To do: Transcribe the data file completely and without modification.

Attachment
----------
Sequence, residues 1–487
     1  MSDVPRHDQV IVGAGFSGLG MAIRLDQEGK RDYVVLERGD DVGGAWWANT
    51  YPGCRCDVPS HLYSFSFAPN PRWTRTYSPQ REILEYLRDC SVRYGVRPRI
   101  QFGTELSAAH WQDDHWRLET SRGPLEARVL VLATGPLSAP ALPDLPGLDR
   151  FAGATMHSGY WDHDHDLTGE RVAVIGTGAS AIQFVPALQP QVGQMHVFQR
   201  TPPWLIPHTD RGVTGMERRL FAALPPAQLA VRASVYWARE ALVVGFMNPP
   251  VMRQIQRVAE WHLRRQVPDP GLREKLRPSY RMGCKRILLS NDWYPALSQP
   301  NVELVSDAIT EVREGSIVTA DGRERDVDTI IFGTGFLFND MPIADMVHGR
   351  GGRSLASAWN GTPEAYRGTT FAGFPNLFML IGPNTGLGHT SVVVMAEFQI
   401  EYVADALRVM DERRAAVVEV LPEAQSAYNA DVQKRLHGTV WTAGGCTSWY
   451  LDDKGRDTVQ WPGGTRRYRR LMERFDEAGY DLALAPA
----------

Sequence, residues 1–487
     1  MSDVPRHDQV IVGAGFSGLG MAIRLDQEGK RDYVVLERGD DVGGAWWANT
    51  YPGCRCDVPS HLYSFSFAPN PRWTRTYSPQ REILEYLRDC SVRYGVRPRI
   101  QFGTELSAAH WQDDHWRLET SRGPLEARVL VLATGPLSAP ALPDLPGLDR
   151  FAGATMHSGY WDHDHDLTGE RVAVIGTGAS AIQFVPALQP QVGQMHVFQR
   201  TPPWLIPHTD RGVTGMERRL FAALPPAQLA VRASVYWARE ALVVGFMNPP
   251  VMRQIQRVAE WHLRRQVPDP GLREKLRPSY RMGCKRILLS NDWYPALSQP
   301  NVELVSDAIT EVREGSIVTA DGRERDVDTI IFGTGFLFND MPIADMVHGR
   351  GGRSLASAWN GTPEAYRGTT FAGFPNLFML IGPNTGLGHT SVVVMAEFQI
   401  EYVADALRVM DERRAAVVEV LPEAQSAYNA DVQKRLHGTV WTAGGCTSWY
   451  LDDKGRDTVQ WPGGTRRYRR LMERFDEAGY DLALAPA